remember the court battle in which the E.U. argued that Apple owed more taxes to the Irish government, despite the fact that the Irish government didn't even want those revenues? This is the kind of absurdity that results from corporate taxes.

Not absurd at all. Ireland tried to do something E.U. membership explicitly forbids. Whether they "wanted" these taxes from Apple is completely irrelevant.

Wow. If you don't see the absurdity in a company being forced to pay taxes to a government that doesn't want them, then it will probably be very hard to convince you. At the very least, it turns the idea of taxes entirely on its head. Taxes are supposed to be a means of collecting revenue so a government can function. According to EU logic, taxes are about some kind of competition between countries with minimum rates set so no country is too competitive. This is such a distortion of what taxes are supposed to be that it's no surprise the EU is breaking up. I say good riddance to them!

Comment This is the problem with corporate income tax. (Score 4, Interesting) 448

This is a basic problem with corporate income tax: everyone in the world feels they are entitled to their "fair share". Corporate tax itself is a kind of double taxation: a corporation is made up of people who pay income tax. In addition, there is sales tax paid on all goods sold in a given country. I imagine a great deal of sales tax has been paid on Apple products in New Zealand, money the government wouldn't have if Apple didn't sell products there.

The problem with corporate income tax is that it is always possible for a mutlinational corporation to shift its profits to whichever country offers the lowest tax rate, unfairly enriching that one country. The best solution is probably to get rid of corporate income tax altogether, and make up the difference with sales taxes. (After all, the cost of corporate taxes are passed along to the consumers anyway.) This way, there's no arguing about who is entitled to the tax money: it's paid by the consumer wherever the sale takes place. This isn't the first time corporate taxes have caused problems: remember the court battle in which the E.U. argued that Apple owed more taxes to the Irish government, despite the fact that the Irish government didn't even want those revenues? This is the kind of absurdity that results from corporate taxes.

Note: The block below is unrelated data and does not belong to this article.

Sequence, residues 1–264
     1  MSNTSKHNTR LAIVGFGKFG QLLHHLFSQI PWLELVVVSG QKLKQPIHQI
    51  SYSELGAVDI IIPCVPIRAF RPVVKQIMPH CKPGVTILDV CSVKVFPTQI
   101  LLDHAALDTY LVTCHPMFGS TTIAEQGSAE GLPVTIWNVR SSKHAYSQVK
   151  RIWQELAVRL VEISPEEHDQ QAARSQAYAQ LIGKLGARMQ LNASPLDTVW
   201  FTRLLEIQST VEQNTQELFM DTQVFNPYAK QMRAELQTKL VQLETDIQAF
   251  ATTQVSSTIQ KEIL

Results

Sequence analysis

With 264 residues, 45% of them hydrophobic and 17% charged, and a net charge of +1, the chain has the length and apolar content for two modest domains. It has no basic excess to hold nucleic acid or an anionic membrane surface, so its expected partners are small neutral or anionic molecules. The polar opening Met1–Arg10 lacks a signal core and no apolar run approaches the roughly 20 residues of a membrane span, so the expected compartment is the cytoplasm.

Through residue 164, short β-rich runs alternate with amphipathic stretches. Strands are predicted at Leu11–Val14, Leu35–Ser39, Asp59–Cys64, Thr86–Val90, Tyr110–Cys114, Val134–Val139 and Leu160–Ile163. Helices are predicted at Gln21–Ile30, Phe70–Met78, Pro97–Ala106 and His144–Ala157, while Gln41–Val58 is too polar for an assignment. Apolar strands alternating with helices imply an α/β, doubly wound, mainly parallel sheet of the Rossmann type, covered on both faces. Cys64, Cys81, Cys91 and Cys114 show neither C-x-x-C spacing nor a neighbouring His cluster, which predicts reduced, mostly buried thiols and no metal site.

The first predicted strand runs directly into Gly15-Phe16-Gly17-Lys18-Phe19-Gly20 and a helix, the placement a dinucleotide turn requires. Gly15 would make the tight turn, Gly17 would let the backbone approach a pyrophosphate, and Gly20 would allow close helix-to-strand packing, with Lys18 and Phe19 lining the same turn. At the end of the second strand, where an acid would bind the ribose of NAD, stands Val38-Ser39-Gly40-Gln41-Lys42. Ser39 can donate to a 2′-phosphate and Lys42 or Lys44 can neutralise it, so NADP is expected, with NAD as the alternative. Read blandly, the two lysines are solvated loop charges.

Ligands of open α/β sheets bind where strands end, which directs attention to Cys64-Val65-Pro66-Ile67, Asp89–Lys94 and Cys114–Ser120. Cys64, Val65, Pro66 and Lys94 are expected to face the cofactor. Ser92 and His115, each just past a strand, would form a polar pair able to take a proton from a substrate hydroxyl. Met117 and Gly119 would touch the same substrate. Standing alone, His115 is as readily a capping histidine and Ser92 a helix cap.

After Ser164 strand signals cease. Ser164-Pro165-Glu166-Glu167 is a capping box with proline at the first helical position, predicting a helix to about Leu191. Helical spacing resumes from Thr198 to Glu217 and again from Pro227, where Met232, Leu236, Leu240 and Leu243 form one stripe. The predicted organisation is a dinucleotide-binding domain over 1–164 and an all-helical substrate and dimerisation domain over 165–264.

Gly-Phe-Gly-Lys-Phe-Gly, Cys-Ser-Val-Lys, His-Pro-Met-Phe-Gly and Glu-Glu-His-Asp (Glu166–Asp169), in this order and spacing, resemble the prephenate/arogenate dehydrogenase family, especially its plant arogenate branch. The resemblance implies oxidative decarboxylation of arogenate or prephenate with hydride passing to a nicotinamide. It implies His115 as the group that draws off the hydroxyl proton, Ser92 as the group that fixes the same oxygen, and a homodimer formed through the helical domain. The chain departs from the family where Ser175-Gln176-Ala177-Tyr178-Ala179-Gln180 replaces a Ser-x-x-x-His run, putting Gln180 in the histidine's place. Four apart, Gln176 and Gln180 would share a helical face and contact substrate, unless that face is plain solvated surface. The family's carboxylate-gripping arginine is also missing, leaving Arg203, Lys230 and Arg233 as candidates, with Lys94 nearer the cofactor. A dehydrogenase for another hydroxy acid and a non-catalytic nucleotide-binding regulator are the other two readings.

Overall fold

Comment Re:Does DuckDuckGo have something similar? (Score 1) 429

Not that I know of. I suspect Google's been disappearing unpleasant facts on their News product for a while now.

"The holocaust never happened" is not an unpleasant fact - it's an out-and-out lie.

"The earth is flat" is also an out-and-out lie, but search engines won't delist my pages if I make that assertion, nor will I be subject to prosecution in any nation for saying so.

Comment Re:Obviously this requires new legislation (Score 1) 102

Look at what would happen if you shot an American on American soil from Canada or Mexico.

The key word in the above sentence is "you". The basis on which the judge dismissed this claim is the Foreign Sovereign Immunities Act, which immunizes foreign governments from suits by Americans in U.S. courts except in cases where the complete tort occurred on U.S. soil. The key word there is governments. Private citizens can still be sued, so I don't recommend you personally shoot someone across the border unless you are doing so as a government agent. As other posters have pointed out, this kind of immunity is necessary to protect, for example, drone operators who take out terrorism suspects on foreign soil.

Comment Re: What was the basis of the suit? (Score 1) 113

The summary also says (emphasis added):

Customers' email addresses and usage data were transmitted to the company's Canadian servers, the lawsuit alleges.

/sarcasm Isn't international law fun?

I'm aware of that, but the post I was responding to was talking about a Canadian law. Last time I checked, you can't bring suit in a U.S. federal court over a Canadian law.